Building Web pages on your computer is a big accomplishment, but it’s not the whole job. Your beautifully designed and informative Web site will simply languish in obscurity on your hard drive unless you move it to a Web server.
Fortunately, once your Web site is ready for prime time, you can put it on a server without ever leaving the comfort of Dreamweaver. The program includes simple commands for transferring files back and forth between the Web server and your desktop.
Depending on how you operate, choose one of these two methods for transferring your files:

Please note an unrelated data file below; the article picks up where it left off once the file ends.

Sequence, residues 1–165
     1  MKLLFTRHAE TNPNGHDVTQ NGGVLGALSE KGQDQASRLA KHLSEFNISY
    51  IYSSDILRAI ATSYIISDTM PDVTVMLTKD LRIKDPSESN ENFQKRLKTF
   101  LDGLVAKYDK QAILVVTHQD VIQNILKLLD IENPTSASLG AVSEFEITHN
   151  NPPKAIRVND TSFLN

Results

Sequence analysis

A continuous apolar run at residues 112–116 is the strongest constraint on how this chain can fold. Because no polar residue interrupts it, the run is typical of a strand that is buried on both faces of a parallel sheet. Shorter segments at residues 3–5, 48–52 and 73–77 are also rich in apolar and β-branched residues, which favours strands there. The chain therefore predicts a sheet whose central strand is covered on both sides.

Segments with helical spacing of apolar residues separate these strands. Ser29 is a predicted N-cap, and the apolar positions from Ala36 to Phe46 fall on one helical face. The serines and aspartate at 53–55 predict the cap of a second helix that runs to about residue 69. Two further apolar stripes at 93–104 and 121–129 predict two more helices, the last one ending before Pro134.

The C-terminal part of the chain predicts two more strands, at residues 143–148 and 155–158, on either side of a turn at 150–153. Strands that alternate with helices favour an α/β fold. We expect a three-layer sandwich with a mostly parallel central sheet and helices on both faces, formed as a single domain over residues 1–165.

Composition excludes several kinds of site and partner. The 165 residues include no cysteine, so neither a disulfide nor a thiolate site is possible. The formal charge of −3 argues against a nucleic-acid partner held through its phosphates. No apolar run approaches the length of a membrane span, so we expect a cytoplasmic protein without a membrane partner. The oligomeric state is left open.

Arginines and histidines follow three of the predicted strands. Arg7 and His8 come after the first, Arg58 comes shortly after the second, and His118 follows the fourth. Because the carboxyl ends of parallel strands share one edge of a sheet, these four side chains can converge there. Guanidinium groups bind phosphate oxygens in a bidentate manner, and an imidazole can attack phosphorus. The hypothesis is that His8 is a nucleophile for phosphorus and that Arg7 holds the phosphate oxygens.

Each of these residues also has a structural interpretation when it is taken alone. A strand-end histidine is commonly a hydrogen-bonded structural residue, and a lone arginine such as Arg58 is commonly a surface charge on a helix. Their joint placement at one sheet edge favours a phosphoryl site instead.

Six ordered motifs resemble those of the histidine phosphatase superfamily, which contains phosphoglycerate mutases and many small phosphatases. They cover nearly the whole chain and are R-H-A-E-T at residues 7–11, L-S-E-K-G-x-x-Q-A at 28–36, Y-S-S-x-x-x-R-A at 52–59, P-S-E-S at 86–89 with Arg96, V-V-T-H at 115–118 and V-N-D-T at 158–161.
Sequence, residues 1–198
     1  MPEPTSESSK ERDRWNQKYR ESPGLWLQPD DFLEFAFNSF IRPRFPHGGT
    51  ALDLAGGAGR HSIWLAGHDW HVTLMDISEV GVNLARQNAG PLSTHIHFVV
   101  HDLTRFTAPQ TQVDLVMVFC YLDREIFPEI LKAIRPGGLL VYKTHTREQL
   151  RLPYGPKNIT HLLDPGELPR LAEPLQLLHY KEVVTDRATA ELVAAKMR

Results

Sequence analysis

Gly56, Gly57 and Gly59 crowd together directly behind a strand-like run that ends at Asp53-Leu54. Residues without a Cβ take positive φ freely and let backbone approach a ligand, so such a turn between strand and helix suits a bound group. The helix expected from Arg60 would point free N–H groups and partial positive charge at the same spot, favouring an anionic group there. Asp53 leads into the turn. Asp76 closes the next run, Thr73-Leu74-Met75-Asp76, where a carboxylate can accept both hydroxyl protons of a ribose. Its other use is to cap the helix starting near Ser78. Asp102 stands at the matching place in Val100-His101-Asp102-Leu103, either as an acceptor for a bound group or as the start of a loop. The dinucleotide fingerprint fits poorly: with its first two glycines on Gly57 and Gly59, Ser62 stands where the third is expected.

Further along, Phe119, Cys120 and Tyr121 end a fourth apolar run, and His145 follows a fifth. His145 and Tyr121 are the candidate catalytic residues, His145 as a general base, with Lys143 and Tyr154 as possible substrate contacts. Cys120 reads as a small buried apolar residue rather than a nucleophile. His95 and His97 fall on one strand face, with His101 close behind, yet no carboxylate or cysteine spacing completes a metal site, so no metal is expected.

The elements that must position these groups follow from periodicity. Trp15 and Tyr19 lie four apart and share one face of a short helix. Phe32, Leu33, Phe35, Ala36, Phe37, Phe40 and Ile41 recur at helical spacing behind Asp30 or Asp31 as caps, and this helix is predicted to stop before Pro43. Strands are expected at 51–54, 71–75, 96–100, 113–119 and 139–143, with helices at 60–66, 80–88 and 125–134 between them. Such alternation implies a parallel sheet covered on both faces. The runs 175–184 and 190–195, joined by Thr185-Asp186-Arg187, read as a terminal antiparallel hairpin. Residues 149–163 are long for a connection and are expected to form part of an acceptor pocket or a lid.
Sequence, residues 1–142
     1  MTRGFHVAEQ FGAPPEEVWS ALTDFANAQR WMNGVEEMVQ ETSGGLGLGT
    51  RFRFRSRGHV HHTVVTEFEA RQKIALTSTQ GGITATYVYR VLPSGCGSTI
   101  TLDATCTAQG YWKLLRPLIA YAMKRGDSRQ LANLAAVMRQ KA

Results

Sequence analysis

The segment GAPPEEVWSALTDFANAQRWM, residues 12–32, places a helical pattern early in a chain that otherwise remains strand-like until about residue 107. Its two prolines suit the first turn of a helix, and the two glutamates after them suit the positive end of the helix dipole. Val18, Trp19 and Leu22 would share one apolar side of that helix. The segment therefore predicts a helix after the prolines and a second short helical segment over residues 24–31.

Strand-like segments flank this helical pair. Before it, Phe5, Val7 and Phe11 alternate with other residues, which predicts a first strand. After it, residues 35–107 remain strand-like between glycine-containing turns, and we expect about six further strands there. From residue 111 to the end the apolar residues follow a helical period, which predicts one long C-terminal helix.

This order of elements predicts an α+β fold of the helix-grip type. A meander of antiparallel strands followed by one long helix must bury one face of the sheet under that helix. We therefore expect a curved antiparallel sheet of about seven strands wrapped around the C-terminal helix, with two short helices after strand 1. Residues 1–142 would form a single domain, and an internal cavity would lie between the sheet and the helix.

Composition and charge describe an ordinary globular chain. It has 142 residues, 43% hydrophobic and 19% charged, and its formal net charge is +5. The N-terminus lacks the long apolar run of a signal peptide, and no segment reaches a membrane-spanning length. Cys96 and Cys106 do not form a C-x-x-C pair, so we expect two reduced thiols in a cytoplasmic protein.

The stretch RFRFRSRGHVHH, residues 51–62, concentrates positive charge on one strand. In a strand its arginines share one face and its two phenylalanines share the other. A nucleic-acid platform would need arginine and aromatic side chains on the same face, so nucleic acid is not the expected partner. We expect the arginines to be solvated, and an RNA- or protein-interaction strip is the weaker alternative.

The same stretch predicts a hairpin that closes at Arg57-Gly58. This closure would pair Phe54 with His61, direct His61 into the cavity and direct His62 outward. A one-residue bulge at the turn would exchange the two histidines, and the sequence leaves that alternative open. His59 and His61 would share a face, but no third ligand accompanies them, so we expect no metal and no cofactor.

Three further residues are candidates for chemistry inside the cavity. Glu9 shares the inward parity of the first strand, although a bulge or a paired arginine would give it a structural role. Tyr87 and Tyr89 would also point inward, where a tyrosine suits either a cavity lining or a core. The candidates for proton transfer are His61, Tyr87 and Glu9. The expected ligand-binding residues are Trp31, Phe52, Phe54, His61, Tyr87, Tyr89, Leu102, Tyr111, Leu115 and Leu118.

If you’re the sole Web developer for a site, Dreamweaver’s Get and Put commands are the easiest way to go.
If, on the other hand, there’s a group of people working on your site, Dream-weaver’s Check Out and Check In tools let you move files at will without wiping out others’ hard work. In addition, this group feature integrates seamlessly with two other industrial-strength Web-collaboration tools: Microsoft’s Visual SourceSafe and WebDAV, an open-source file management tool.
Either way, you begin by defining a remote site.
As you create your Web site on your computer, you keep it in a local site folder (page 26), often called a local site for short. You can think of a local site as a work-in-progress. As your site is under construction—whether you’re building it from scratch or adding and modifying pages—you’ll routinely have partially finished documents sitting ...